Positive Customer Experiences Will Build a Solid Brand
What they failed to realize is that a brand is not just about awareness. It is not logos slapped on every possible surface. It is not even about the Web site's look and feel. A brand is the sum of what customers think and feel about a product, a service or a company.
The way to create those feelings and thoughts in the minds of customers is to give them a great experience every time. This is where the warm and fuzzy brand image is really created. A series of good experiences builds the valuable asset known as brand loyalty.
Unfortunately, lots of positive feelings can be undone by a single bad interaction. Seems unfair, but that is how consumer behavior operates.
One graphics-heavy, slow-loading order confirmation page. One tired, cranky operator on the phone. One broken or missing item in the product package. One billing snafu. There is not a lot of wiggle room here for marketers. And, as you all know, dissatisfied customers tell their friends.
So what is a marketer to do? Manage the sum total of brand experiences. Get on top of that larger set of contacts that the consumer has with the brand. It is not just about the Web site, the e-commerce experience or the e-mail. It is every point at which a customer comes in contact with the product, service or company.
So Web marketers need to think big and think way beyond the mere marketing function. They need to think about the entire operation and strive to create a great experience for customers at every point of contact.
This is a fairly daunting prospect, so you need to break it down into manageable steps. The best way to begin is by pulling together a list of every possible customer touch point - every contact a consumer might have with your brand. Some of these you can control and some you probably cannot. But the first step is to list them and then analyze them.
To spur your thinking, the following is a preliminary checklist of spots you might consider. They are grouped in order of the customer buying process. You might find it easier to organize your thinking around functional departments or individuals in your company, or by your internal employees and external partners. There will inevitably be overlap. Buying is a complicated process and so is serving customers.
• Marketing communications (advertising, collateral, Web site, direct mail, e-mail, events, speeches, publicity, search engines and bulletin boards).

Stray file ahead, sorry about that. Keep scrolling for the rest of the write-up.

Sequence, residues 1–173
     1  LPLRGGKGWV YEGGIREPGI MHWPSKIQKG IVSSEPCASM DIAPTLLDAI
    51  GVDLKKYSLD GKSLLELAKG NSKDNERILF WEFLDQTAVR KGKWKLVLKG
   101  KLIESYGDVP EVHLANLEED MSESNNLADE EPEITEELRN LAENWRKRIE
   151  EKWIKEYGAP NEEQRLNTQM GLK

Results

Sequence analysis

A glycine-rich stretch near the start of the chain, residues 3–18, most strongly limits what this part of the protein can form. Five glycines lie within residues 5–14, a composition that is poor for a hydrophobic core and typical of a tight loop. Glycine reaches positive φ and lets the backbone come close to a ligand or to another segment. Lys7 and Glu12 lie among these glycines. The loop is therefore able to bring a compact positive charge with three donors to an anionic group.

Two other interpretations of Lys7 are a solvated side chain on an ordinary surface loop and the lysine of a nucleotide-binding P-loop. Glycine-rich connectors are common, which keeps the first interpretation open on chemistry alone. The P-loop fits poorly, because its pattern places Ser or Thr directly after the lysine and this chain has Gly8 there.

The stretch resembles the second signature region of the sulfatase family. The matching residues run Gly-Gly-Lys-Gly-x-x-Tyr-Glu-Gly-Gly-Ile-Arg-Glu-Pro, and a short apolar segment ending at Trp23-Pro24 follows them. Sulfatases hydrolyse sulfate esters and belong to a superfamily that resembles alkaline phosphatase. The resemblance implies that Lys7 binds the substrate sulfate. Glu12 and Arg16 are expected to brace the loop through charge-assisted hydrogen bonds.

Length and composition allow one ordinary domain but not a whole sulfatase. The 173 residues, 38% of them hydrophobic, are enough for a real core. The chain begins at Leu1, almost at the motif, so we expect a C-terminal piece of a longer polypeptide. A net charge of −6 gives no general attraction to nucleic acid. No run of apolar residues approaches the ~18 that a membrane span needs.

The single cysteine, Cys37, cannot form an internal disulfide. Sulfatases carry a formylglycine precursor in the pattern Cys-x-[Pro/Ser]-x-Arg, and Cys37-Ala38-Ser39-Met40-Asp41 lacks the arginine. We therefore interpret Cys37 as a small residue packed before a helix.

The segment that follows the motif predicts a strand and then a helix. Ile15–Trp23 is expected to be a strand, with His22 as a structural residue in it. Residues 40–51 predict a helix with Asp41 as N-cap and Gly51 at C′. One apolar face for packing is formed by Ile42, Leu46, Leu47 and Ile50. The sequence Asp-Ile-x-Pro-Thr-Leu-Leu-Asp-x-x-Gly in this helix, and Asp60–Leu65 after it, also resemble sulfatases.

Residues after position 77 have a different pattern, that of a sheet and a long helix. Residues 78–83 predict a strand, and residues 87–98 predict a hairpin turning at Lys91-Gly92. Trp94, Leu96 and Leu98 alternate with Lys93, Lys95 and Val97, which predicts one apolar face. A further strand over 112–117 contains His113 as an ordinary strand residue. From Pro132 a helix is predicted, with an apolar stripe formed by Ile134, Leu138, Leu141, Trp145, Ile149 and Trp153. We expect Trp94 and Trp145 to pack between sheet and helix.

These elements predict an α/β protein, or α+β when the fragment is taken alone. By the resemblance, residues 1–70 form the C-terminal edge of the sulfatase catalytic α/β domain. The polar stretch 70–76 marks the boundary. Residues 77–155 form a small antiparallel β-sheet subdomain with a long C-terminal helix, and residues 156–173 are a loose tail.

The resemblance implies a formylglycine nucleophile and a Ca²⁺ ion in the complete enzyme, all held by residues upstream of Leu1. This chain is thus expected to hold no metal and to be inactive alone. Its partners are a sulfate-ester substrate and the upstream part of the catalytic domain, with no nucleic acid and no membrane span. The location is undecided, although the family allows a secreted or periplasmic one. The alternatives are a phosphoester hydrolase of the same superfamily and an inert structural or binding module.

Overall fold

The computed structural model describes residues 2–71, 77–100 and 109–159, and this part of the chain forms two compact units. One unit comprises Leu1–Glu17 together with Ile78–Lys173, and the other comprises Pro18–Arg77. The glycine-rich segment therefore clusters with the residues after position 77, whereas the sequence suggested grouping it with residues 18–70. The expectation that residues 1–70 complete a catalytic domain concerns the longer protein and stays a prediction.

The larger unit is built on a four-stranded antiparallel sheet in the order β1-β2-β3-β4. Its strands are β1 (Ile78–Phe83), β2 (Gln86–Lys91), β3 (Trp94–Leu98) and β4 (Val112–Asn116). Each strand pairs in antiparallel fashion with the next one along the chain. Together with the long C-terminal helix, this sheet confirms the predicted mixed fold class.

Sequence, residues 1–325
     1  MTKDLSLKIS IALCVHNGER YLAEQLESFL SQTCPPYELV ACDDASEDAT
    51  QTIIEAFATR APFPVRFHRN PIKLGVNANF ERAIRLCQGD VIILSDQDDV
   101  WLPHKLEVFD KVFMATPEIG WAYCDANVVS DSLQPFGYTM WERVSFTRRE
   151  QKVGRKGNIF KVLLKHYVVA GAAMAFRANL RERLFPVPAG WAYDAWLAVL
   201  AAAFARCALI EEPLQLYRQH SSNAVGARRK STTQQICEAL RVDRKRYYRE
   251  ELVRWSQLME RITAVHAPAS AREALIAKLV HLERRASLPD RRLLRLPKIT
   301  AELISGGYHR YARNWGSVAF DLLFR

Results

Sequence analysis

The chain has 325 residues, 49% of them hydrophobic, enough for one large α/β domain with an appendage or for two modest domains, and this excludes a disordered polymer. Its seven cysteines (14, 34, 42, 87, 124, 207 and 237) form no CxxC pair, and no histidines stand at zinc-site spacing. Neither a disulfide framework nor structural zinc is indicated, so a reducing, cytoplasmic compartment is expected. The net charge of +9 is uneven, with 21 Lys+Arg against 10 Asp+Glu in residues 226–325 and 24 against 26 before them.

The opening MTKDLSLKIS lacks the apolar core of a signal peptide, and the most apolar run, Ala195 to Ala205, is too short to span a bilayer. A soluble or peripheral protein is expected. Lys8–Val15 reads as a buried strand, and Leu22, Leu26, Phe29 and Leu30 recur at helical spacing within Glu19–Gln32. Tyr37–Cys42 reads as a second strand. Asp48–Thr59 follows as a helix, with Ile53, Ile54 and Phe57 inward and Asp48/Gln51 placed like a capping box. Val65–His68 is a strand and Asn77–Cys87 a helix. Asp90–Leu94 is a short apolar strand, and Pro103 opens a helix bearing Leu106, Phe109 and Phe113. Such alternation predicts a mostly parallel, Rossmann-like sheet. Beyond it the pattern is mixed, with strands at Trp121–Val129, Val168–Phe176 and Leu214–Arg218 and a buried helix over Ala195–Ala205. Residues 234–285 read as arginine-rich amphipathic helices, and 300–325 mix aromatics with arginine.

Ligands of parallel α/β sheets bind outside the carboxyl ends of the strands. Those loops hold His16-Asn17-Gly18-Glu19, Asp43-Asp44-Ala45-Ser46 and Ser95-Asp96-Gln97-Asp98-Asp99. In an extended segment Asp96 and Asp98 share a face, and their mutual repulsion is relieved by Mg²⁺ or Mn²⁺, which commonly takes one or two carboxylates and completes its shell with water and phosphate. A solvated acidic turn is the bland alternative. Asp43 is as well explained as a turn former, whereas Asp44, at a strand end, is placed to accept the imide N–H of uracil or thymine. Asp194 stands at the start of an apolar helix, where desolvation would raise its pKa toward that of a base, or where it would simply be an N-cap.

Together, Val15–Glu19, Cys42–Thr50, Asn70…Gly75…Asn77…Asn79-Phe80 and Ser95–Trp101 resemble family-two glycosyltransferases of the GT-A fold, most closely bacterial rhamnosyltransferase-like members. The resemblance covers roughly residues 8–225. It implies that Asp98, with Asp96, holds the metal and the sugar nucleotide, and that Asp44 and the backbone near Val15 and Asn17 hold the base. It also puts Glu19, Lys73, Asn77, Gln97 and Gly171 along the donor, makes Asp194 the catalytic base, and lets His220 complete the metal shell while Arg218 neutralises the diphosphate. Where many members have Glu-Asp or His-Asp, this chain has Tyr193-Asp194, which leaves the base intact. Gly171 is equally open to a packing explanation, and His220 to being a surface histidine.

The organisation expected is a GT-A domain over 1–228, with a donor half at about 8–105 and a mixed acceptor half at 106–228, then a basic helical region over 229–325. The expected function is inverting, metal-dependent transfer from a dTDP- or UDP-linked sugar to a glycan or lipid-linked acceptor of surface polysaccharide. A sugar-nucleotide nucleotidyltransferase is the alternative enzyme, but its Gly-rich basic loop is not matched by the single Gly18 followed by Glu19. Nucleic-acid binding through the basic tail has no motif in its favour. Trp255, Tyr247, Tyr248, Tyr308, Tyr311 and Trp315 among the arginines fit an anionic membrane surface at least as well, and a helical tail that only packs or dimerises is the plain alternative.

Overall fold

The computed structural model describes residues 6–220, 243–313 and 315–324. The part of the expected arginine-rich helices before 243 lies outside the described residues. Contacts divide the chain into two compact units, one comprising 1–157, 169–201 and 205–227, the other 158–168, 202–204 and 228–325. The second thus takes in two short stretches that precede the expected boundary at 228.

• Inquiry/leads (call center, collateral and Web site).
• Point of sale (Web site, store, field sales, distributors, resellers and delivery service).
• Merchandise (packaging, out-of-box experience, package inserts and packing slip).
• Billing (invoices, statements, accounts receivable and collections).
• Customer service (call center and in-store).
• Returns (call center and in-store).
• Word of mouth (bulletin boards, Web sites and publicity).
• Ongoing communications (newsletter, loyalty program and survey).
Of course, many of these can be broken down further. For in-store, you would consider the merchandise experience, the salespeople's interaction, the customer service desk, the signage, the location and any element that impacts a customer's impression. You would consider how you can accept e-commerce returns at your retail stores and other ways to provide a seamless, integrated brand experience. Regarding the Web site, you would consider navigation, design, ease of use, page load times and so forth.
The next step is to analyze these contacts. Pull together people from all parts of the company. Go down the list and discuss whether each contact point is as good as it can be. Brainstorm ways that it can be better. Finally, develop metrics around each one, and hang incentives for the employees who are involved in that touch point. Bonuses work wonders. And empowered employees increase customer satisfaction.
You will be frustrated to notice that certain touch points will not be controllable. What can you do when the United Parcel Service man cops an attitude with your customer at his doorstep? But with some creativity, you may find ways to influence these fuzzy touch points anyway.
Companies have come up with all kinds of clever ideas over the years to take charge of the brand image beyond the usual.
Consider prowling message boards and pointing out the benefits of your product when it is relevant to the discussion. Or building the company image around a charismatic CEO through advertising and public relations. Or cutting special deals with your business partners to upgrade the level of service they provide to your customers. Or organizing publicity stunts to call humorous attention to the company or product, which can add a coolness factor to tide you over the occasional rough spots in your service levels.
Optimizing the total customer experience is not about the Web marketing function, the marketing communications function or even the marketing function. The entire company interacts with the customer or influences the result of an indirect contact with the customer. So everyone in the company has a marketing responsibility. Everyone is about customers.
To be successful on the Web, you need your companies to operate as nothing less than marketing cultures.